The last of the cards and a new garden to visit.

I’ve been making hand stitched cards for over 12 years, and had decided some time ago that when I reached the end of my supply of blank cards I would call it a day. I had been tickling around the edges of finishing all the stitched cards I had prepared, but then realised that to get a job done you just have to devote yourself to it and plod on until you can truly tick it off your list. Sometimes, possibly always, when you have many strands to your work things have to go. It generally works well, as the brain begins to clear, freed from all those nagging tasks and ‘shoulds’.

I include the ‘shoulds’ here, because recently I sold and donated some materials that I realised I no longer wanted to work with; in this case lino, and printing inks, and a large tin of Conte pastel pencils, let alone other hopeless stuff that was simply binned. We do hang onto these things imagining we are spectacularly well endowed with time and talent. They do get in your way;  whenever you spot them lurking at the back of the cupboard there is that mix of guilt and possibility. I decided that if they had been unused for years and I didn’t even actually want to use them they should just go. I still have my lino cutting tools, and will buy nice soft vinyl to use, and print with acrylics, should I wish to take it up again. And I hated the Conte crayons from the start; they are very hard pastel pencils.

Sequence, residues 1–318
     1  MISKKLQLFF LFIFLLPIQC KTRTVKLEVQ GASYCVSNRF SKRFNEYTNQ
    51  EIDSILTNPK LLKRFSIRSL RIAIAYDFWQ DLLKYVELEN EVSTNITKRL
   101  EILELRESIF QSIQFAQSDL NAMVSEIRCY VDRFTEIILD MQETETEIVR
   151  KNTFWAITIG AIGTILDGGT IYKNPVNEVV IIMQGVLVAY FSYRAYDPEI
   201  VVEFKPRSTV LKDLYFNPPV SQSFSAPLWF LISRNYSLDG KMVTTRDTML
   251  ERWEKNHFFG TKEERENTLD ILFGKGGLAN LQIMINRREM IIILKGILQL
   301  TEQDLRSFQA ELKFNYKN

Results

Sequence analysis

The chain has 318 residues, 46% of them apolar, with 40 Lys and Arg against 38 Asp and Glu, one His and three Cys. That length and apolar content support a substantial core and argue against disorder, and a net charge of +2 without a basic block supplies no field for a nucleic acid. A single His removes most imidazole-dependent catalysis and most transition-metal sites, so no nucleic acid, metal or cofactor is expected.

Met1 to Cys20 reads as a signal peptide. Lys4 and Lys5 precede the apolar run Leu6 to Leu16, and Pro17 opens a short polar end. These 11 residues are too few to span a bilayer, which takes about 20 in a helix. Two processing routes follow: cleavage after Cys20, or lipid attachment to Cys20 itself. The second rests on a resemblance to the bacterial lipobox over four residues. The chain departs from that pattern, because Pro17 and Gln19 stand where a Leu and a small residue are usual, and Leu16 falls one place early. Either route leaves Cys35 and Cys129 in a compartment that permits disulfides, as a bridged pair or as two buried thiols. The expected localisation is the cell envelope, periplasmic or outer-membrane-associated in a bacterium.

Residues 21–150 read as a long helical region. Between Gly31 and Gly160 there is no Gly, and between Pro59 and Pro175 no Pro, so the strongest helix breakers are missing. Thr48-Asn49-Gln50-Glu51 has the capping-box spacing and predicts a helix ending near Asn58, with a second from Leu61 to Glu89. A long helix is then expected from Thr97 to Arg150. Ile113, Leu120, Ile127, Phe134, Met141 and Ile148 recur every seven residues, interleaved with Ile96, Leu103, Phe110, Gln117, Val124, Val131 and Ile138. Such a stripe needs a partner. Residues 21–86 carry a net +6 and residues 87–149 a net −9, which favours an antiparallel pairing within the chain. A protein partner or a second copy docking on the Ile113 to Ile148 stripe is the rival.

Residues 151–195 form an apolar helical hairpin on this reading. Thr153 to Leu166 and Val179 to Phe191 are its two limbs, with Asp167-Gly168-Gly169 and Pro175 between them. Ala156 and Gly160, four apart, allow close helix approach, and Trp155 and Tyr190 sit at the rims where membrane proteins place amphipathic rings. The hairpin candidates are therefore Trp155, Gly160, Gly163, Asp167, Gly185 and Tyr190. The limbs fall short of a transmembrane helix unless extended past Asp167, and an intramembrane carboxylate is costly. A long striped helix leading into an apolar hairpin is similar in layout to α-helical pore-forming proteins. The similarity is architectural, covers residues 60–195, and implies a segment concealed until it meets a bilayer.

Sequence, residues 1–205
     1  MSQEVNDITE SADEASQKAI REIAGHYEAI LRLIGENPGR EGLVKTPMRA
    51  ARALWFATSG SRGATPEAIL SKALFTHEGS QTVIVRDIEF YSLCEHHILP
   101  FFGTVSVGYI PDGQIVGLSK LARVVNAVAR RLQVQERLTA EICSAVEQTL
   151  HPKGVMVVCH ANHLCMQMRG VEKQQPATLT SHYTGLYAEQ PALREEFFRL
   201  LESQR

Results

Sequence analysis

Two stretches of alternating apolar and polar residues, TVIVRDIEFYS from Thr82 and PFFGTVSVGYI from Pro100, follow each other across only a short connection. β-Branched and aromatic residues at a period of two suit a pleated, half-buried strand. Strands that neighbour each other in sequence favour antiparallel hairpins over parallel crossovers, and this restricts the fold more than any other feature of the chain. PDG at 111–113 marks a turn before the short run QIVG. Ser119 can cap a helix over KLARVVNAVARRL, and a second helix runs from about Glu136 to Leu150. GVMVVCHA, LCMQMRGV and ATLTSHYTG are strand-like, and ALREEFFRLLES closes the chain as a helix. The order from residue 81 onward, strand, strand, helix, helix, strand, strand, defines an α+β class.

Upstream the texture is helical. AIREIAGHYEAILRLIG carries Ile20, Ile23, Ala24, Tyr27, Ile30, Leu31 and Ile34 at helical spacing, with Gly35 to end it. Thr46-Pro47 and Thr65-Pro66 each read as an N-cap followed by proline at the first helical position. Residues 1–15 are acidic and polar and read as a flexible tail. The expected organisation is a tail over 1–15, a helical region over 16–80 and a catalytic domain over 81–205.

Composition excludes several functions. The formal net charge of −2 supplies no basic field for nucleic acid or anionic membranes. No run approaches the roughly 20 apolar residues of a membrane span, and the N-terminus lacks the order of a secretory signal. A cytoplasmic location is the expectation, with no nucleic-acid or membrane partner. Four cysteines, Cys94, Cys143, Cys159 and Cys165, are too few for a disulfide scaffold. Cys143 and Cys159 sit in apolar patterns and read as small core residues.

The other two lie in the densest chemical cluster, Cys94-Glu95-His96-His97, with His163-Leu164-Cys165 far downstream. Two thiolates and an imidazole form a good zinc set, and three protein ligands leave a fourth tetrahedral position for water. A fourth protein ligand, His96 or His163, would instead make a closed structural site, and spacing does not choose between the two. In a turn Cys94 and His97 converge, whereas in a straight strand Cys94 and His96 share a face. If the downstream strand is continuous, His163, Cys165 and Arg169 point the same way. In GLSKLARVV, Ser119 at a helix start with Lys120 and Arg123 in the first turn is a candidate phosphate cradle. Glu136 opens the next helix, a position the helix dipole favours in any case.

So, tidy up the tasks and the shoulds, to give time and space for new work. After a few days of stitching, sticking and bagging, they were all done, and I also printed a couple of hundred cards too. I have always printed them at home, and have found that it works out very well, but at some point in the future I will have new cards printed rather than do the job at home. Here are some images of the last of the cards.